Spotlight: Israel's navy busy strengthening its forces, adapting to changing threats

by Keren Setton

JERUSALEM, Feb. 8 (Xinhua) -- The Israeli military announced Wednesday that the construction of four navy corvettes has begun in Germany.

In a statement it said the vessels, coined SA'AR 6, would enter service over the next three years.

At the ceremony, which was held in the German city of Kiel, Navy Commander in Chief Eliyahu Sharvit said the vessels were part of "the fundamental components of the naval protective shield established by the IDF (Israeli Defense Forces)."

The Israeli navy, which was always charged with safeguarding Israel's maritime surroundings, has been tasked in recent years with the protection of the country's newly discovered gas reserves in its territorial waters.

At the end of 2010, when the reserves were found, it was a strategic change for till-then energy-dependent Israel. But, it also was the beginning of a new job for the navy, protection of the oil rigs which could easily become a target for many of the country's hostile neighbors.

"Our ability to protect strategic assets has to be very robust," a senior IDF navy official told reporters earlier this week. "The SA'AR 6 has to take all the threats into consideration and protect from them from afar."

The official spoke under condition of anonymity.

Israel is also in the process of upgrading its submarine corps, purchasing six from German corporation, ThyssenKrup.

The submarine deal has been tainted by controversy and a criminal investigation against officials close to Israel's Prime Minister Benjamin Netanyahu, who are suspected of corruption and bribery in order to seal the multi-million-dollar transaction.

Netanyahu has denied all the allegations and reports against him.

Former Israeli Defense Minister Moshe Ya'alon resigned from his position in 2016 and later said the submarine deal was one of the reasons behind the act.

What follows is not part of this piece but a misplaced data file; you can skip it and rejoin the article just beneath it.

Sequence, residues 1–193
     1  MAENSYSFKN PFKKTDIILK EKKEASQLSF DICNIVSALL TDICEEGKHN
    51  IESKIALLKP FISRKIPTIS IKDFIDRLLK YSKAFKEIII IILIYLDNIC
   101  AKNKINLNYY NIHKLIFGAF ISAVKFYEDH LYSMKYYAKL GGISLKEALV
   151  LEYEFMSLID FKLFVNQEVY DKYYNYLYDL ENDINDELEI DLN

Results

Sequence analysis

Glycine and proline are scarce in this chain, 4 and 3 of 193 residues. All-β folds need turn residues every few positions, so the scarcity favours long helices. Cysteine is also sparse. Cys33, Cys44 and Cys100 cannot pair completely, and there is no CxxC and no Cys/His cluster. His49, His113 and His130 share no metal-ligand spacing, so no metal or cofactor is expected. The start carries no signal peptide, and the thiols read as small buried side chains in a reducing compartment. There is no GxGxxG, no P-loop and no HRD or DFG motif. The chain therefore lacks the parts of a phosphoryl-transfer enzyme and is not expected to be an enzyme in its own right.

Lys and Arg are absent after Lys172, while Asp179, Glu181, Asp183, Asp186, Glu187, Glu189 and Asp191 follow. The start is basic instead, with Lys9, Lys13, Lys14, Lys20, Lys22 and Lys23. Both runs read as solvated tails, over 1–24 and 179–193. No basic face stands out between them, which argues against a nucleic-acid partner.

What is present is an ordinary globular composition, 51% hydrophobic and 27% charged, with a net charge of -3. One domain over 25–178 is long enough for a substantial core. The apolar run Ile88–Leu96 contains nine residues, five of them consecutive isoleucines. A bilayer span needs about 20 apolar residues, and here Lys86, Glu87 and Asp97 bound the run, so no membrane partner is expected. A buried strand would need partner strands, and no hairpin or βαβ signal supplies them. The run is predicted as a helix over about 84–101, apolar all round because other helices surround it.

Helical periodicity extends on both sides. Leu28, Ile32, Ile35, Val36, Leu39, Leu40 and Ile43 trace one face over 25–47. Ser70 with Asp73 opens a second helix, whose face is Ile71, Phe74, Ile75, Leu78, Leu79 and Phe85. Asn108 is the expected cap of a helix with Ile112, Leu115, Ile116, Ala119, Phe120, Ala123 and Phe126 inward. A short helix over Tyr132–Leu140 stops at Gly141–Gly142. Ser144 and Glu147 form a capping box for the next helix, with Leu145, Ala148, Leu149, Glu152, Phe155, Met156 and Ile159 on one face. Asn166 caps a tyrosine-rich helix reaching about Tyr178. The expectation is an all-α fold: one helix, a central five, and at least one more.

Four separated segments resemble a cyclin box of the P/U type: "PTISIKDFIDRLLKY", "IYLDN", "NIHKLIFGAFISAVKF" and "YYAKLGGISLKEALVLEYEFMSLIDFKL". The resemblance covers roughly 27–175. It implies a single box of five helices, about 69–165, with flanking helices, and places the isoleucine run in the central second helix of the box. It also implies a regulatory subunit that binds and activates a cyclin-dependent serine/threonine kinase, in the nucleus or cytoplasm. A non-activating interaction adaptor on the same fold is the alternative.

The Israeli aspiration for naval supremacy does raise question marks about the necessity of the widespread upgrade.

Israel is currently enjoying relatively calm times. Its main threats are guerilla organizations whose naval capabilities may not warrant such maritime might.

But according to the senior naval official, the unit still needs to be prepared for traditional sea-to-sea battles with enemy navies.

"The navies around us continue to strengthen," he said. "We are in a technological race in an attempt to maintain maritime supremacy."

Egypthas reportedly also purchased four submarines from the same German corporation.

The Israeli media quoted a senior naval officer saying that although Egypt is not a threat to the country, he "would have preferred Egypt not having German submarines."

Once receiving the vessels, be it submarines and corvettes, Israel fits them with its own weapons and other systems.

"We are taking our capabilities to the extreme, pushing the limits of Israeli technology," boasted the senior naval officer.

It is clear Israel faces challenges in the Mediterranean Ocean and in the Red Sea.

As of an Israeli cabinet decision in 2013, the navy is charged with protecting Israel's Exclusive Economic Zone (EEZ), particularly with safeguarding newly found natural gas reserves.

The gas rigs are an attractive target for militant organizations such as Lebanese Hezbollah. The Israeli navy believes Hezbollah has trained suicide divers and a jet ski unit.

The Gaza Strip, with its own waters, also poses a challenge. Hamas, a militant organization hostile to Israel, has already attempted to launch attacks via the seas.

"Hamas is focused on our strategic assets," said the senior naval officer. "Their naval commando is strengthening and they are trying to acquire under water weapons."

Hamas' naval commando unit attempted an attack on an Israeli kibbutz in a daring move that was one of the precipitators of a war between Gaza and Israel in 2014.

"We believe they have shore-to-sea weapons and other capabilities. This is our assumption so that we will not be caught by surprise," said the senior naval officer.

Israel's natural gas is responsible for the majority of the small country's power supply.

"A strike on a strategic asset of ours is akin to a declaration of war," warned the senior naval officer.

Israel's economy is largely dependent on imports through the sea. Therefore, the ability to defend its waters is critical.

This view, shared by many members in the Israeli government, merits the extensive shopping spree.

In an attempt to increase transparency and legislative supervision, Omer Barlev, a member of parliament from the opposition is proposing a law that will require a report to the parliament prior to signing a military acquisition deal above the value half a billion dollars.

The navy, which is relatively small compared to other units of the IDF, is a without a doubt regional maritime superpower, outnumbering neighboring navies in scale and capabilities.

"If I had to pick a side, I'd pick ours," said the senior Israeli navy officer.

[ Editor: meng ]
 

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